Jurisdictional issues make this especially messy, said McAndrew, because internet-based conduct flows across geographical borders. Both federal and state law enforcement agencies may have jurisdiction over internet-based crimes, but only if the criminal conduct is connected to the geographical area over which a particular court has jurisdiction and law enforcement can physically bring that criminal before that court.
“We used to say, ‘venue schmenu.’ We have jurisdiction over the internet because the conduct involves interstate commerce,” he said. “It’s something that runs across our physical boundaries in the United States. But you need some portion of the conduct to have occurred, at least on the criminal side, in the geographical area over which the particular court that you’re going to present your case in or bring your grand jury investigation in has jurisdiction.”
If the catfisher is located in a foreign country, said McAndrew, other questions arise such as can the catfisher be physically brought before the court and thrown in jail if they’ve violated a U.S. law and are sentenced to jail time. “That often depends on what country you’re talking about,” he said.
“As a country, we cannot get to the [catfishers] who are beyond our borders, and often across oceans, without the help of other countries. And some countries are helpful, and others are not.”
Are platforms responsible?
How responsible platforms are for “being weaponized” said McAndrew, is one of the “central policy questions that we’re debating in our society right now.”
From a law enforcement perspective, he said, you have “client-side evidence” such as devices — phone, laptop, tablet — and then you have “server-side evidence” or cloud-based evidence — Facebook account, Instagram account, etc. And both can be “great repositories of evidence that you can use to investigate activity and build cases.”
In the pre-Edward Snowden days (the case that made tech giants nervous about freely sharing back-end user data with investigators), platforms were more willing to share information with the U.S. and even other governments in aid of criminal investigations, said McAndrew. “That was when social media was new and we didn’t know exactly how people would use these platforms, or even how the platforms worked.”
Today, there is much more of a focus on privacy, and you see platforms and device manufacturers using that as a marketing strategy, he said. Entire marketing campaigns are built on the notion that “we provide greater privacy than other companies — think of encrypted apps, encrypted communications, device security features.”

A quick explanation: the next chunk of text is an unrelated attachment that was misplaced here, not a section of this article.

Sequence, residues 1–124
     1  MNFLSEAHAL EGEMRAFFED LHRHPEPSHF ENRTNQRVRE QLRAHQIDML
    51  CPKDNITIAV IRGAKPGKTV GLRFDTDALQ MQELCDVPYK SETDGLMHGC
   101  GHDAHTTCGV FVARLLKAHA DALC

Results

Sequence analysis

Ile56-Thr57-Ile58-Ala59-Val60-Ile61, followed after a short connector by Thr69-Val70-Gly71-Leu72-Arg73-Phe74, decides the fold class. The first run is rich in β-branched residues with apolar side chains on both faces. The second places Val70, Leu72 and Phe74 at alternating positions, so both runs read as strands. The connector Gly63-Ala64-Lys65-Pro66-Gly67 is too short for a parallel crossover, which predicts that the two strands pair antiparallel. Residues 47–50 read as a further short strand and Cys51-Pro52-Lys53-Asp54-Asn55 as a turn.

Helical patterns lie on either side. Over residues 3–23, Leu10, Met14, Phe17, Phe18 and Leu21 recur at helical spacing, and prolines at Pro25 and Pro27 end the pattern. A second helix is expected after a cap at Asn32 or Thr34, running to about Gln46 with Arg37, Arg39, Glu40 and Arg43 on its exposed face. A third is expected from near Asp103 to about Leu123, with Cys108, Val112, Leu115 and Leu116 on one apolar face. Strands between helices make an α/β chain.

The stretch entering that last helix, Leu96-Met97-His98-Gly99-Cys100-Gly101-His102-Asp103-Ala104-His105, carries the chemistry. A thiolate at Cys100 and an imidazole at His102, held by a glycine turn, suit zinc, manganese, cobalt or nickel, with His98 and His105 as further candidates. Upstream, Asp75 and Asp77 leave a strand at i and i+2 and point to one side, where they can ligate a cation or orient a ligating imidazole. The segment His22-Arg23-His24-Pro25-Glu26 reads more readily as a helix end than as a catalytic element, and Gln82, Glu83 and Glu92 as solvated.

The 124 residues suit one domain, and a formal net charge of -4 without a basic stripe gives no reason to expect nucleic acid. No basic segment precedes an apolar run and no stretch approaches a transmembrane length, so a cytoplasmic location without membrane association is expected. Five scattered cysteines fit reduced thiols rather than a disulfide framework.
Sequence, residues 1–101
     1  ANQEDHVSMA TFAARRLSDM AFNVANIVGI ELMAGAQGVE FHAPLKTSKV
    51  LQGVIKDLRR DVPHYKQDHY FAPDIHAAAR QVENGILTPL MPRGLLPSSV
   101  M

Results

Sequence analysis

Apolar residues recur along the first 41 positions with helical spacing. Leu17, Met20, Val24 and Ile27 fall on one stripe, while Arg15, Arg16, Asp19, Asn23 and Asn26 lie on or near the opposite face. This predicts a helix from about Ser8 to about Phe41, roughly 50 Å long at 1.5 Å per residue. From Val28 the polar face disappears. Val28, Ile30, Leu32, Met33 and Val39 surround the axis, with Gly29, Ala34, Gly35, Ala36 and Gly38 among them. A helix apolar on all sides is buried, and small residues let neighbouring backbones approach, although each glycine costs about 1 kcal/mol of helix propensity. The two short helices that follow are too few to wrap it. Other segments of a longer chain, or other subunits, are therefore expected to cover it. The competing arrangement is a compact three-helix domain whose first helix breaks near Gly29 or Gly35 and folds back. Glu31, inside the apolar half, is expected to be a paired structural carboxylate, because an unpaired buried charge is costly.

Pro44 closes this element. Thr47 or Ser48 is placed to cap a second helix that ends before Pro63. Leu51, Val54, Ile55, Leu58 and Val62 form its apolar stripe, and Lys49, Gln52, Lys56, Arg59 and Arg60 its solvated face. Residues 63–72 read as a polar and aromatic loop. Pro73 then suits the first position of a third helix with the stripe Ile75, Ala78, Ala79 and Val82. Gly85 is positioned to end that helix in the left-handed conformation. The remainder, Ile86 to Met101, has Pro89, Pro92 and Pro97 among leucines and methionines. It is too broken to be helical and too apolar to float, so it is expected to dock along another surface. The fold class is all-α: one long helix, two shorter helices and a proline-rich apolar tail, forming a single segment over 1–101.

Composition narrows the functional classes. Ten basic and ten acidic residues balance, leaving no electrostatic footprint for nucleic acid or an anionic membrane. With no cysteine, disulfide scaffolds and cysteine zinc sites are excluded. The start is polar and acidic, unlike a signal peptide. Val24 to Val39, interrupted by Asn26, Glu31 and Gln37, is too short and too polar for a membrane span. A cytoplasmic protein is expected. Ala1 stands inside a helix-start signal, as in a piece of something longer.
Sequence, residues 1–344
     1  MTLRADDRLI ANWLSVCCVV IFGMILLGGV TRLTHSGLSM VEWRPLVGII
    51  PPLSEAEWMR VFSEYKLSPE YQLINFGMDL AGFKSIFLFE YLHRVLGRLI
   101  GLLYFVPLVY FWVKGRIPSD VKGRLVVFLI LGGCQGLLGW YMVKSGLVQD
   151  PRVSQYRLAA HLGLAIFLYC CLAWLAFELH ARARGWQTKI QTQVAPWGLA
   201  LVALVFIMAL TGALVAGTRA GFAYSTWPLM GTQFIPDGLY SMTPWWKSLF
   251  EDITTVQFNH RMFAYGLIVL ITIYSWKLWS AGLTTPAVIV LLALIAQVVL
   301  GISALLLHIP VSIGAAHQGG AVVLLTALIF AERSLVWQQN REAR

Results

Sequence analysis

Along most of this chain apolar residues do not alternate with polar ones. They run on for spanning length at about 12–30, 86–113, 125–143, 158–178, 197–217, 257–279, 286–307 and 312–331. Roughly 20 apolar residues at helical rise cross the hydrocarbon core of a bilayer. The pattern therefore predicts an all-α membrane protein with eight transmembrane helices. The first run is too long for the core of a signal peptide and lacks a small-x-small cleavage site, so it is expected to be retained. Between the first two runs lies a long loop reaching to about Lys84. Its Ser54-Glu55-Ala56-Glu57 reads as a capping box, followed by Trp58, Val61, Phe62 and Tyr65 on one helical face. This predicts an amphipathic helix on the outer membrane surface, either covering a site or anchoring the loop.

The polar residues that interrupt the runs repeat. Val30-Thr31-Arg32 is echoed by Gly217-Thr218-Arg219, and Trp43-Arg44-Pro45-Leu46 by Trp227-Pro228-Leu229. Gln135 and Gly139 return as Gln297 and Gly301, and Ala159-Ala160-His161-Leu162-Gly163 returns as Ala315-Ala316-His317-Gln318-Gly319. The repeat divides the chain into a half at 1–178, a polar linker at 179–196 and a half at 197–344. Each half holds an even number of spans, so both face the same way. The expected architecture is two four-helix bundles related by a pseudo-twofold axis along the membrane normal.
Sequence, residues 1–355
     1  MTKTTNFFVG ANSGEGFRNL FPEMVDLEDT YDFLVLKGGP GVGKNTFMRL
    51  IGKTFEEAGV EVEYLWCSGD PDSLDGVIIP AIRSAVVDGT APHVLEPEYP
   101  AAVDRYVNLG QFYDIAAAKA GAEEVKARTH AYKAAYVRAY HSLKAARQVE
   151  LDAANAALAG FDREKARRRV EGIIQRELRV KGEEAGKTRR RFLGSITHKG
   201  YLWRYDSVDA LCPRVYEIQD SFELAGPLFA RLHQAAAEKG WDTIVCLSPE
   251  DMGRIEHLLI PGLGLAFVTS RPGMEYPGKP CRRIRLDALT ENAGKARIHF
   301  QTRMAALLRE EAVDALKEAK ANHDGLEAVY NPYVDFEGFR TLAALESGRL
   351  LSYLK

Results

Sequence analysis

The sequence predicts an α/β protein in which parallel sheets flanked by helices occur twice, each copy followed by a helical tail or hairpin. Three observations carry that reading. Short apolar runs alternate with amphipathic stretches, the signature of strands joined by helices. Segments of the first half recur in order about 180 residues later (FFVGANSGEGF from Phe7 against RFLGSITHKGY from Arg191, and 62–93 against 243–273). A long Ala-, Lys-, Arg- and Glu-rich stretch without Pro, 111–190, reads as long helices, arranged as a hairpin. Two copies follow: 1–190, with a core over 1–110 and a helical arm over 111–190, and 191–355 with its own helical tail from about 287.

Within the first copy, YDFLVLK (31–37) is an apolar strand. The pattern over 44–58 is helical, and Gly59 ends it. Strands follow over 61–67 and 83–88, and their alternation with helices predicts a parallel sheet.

With that evolution, said McAndrew — understanding how people are using the platforms (not always for good) and the call for privacy (perhaps not always a platform priority despite the marketing) — tech companies have long taken the stance that they are not responsible for what happens on their platforms.
There is often a strong legal basis for that view, said McAndrew. Social media platforms have leaned on Section 230 of the Communications Decency Act — a bedrock principle of internet law, said McAndrew — which grants immunity for certain types of content posted on their platforms by others — with implications for everything from Jan. 6, to mass shootings, to individual hate crimes, bullying and catfishing.
But the call for companies to take at least some of the responsibility is growing stronger, said McAndrew.
One of the clearest examples of that of late is Congress passing FOSTA-SESTA in 2018. The legislation — the result of a House bill called the Fight Online Sex Trafficking Act combined with provisions from a Senate Bill called the Stop Enabling Sex Traffickers Act — removed the Section 230 immunity shield for activities relating to sex trafficking. In recent years, McAndrew noted, Congress has considered various proposals to curtail the scope of Section 230 immunity.
“What we’re seeing now is a governmental pushback that really started in Europe and is now moving into the United States that’s saying, ‘You do have some responsibility here, because you control it. And you have visibility and perspective that no one else does. And therefore, you can help interdict the conduct, or at least respond to the conduct.’ So, I think we’ll continue to see a robust policy debate on the appropriate role of social media platforms and other technology platforms in spotting and responding to significant unlawful conduct.”
Thanks to Lillian Barkley for copy editing this article.